Relief of those wbo, from their Infirmities, The bright example of the day :
fball be obliged to retire from obe Siage." Indulgent Brunswick's happy sway. The lyre is struck, pursue the song,
Veteran on the , The length ning notes to all prolong, How conscious inborn virtue glows,
age ; Gladly to aid the subjects woes;
Their cause I plead-plead it in heart and To them intirely resign'd,
mind, “ To wake for common good, and succour A fellow.feeling makes one wond'rous kind : human kind.”
Mizht we but hope your zeal would not be Once more repeat !
lers 'Tis George's natal day we celebrate.
When I am gone, to patronise distress, Hampstead.
T. P. That hope obtain'd, the with'd for end secures,
To foorbe their carcs, who oft have lighten'd
Broadway Hill, near Campden. Who drank full bowls of Greek and Roman
A intreats your fimiles for ficknels and for
Nay Jove himself, who here has quaffid bis . Yet enter, courteous guests, reft here and dine, nectar !
[court her, The fith fail (pout good ale, good punch, good' Shall they who govern'd fortune, cringe and wine;
Thirst in their age, and call in vain for porter ? If out of element our fish appear,
Like Bellisarius, tax the pitying street, You think the tow'ring falcon thould be here; With Date Obolum to all they meet? Caft but your eyes the vast expaníe around, Sha'n't I, who oft have drench'd my hando Within this tract all elements abound : Here æther pure, hence sailiog clouds below, Stabb’d many, poison’d some, beheaded more; And sun-bright skies with treble luftre glow; Who numbers new in battle on this plain, Here flocks and herds o’erspread the verdant. Sha’n’t I, the Player, try to feed the slain ? hills,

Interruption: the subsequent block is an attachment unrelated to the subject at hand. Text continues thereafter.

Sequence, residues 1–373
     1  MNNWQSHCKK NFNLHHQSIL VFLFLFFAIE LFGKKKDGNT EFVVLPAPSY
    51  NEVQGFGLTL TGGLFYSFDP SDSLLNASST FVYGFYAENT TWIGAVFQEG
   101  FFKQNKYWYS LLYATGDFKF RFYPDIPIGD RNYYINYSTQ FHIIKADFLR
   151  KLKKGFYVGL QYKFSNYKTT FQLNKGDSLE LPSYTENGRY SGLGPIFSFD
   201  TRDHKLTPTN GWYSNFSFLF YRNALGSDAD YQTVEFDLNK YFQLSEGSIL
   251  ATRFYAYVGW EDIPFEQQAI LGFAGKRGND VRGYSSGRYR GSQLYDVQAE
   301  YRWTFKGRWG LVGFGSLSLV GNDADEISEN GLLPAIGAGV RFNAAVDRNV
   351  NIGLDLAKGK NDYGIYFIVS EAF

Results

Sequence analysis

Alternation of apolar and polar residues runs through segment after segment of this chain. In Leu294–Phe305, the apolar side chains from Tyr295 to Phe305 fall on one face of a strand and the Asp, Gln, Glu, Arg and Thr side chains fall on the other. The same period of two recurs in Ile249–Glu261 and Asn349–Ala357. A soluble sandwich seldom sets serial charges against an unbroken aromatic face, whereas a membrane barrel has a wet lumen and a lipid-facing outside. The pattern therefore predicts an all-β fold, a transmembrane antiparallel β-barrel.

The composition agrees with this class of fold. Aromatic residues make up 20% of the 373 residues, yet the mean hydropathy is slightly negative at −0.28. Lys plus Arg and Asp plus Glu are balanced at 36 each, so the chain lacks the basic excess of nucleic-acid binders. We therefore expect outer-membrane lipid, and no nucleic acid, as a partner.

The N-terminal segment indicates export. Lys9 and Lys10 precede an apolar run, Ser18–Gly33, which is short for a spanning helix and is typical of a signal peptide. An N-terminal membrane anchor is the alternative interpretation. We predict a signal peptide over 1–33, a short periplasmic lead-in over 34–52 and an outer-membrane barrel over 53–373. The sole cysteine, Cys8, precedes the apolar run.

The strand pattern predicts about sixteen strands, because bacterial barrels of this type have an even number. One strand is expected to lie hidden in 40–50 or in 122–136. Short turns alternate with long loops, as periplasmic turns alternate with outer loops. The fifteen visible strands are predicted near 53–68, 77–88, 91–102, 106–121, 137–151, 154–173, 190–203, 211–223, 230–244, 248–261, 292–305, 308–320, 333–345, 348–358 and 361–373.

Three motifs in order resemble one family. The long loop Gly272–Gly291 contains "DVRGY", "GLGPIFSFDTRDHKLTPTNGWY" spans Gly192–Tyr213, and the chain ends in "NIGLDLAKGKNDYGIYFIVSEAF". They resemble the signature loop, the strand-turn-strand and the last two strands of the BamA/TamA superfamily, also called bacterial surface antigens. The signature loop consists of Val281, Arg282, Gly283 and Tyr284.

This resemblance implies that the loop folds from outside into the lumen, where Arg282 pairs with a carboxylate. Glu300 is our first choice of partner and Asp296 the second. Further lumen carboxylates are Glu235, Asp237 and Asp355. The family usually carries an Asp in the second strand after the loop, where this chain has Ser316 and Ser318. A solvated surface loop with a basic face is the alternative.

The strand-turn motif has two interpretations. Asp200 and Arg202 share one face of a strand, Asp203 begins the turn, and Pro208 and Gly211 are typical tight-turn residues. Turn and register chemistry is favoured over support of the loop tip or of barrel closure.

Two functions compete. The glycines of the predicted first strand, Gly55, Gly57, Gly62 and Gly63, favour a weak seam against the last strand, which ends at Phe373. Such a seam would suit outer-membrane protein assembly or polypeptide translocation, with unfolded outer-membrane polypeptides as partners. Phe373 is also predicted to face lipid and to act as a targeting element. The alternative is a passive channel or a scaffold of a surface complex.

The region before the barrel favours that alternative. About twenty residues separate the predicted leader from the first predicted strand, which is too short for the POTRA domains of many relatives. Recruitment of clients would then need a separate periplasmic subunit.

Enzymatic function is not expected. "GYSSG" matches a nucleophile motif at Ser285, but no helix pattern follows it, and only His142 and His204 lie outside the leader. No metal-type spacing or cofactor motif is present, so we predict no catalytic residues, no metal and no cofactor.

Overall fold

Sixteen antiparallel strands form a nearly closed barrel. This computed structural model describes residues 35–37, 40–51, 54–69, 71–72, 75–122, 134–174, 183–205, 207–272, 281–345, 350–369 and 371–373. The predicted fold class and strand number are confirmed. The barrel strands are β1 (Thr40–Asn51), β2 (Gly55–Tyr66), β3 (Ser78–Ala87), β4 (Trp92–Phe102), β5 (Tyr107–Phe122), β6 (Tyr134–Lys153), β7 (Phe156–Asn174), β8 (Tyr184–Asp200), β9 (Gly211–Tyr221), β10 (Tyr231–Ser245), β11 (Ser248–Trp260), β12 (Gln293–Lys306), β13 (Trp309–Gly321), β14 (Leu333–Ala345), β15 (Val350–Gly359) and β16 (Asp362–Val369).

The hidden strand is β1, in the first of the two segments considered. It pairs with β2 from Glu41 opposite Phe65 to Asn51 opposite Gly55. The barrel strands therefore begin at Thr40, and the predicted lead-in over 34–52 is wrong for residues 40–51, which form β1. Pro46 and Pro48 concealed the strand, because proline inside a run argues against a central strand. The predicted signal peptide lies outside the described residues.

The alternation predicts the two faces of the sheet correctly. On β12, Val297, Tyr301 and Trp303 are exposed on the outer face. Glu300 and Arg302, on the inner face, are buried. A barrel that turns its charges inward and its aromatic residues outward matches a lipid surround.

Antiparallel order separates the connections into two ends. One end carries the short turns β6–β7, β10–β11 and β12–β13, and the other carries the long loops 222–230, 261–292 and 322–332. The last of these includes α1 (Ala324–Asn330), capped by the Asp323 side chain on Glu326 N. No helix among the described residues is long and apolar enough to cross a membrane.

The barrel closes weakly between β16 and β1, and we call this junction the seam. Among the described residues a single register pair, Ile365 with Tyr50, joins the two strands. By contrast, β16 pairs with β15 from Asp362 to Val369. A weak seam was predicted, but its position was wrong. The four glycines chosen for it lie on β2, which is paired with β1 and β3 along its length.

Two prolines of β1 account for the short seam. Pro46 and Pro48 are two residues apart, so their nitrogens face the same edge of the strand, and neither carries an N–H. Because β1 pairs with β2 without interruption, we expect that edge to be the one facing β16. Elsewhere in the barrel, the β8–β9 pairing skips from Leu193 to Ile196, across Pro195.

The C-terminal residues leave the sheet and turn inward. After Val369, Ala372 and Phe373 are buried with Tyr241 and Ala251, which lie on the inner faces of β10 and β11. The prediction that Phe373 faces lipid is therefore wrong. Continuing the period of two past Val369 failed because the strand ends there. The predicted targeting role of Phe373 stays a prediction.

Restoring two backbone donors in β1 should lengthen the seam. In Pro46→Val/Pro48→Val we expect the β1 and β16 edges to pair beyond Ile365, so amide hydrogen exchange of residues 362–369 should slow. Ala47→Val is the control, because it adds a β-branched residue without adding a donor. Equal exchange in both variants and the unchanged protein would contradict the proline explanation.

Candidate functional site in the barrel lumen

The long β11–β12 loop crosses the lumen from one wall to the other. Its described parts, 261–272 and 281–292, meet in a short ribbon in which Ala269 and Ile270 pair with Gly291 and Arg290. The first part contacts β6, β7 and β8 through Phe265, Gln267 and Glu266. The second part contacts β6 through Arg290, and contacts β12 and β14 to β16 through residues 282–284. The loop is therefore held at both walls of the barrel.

Brother to all, with equal love I view, There gushing fountains fallin tinkling rills; The men who new me, and the men i New : There Ceres in the extended plains beneath I must, I will this happy project seize, For Esham's vale, twines thick the golden That those too old to die, may live with ease. wreath;
Suppose the babes I (mother'd in the Tower, There Malvern rears aloft his tow'ring head, By chance, or tickness, lose their acting pow'r, On whom bright Venus all her graces sheds, Shall they, once princcs, worse than all be For on the top, and Nopes above, below,
[farv'd ? And all around, the lines of beauty flow. In childhood murder'd, and when murder'd,
Matrons * One of tbe Muses, goddess of the flute and fife.
+ Mr. Shenfone's elegant pujtoral, in four parts, was addresied to the fifter of bis friend tbe late Mr. Graves, of Mickleton.
1 Tbe late Lord Lyttelton's firfi lady was born near Campden,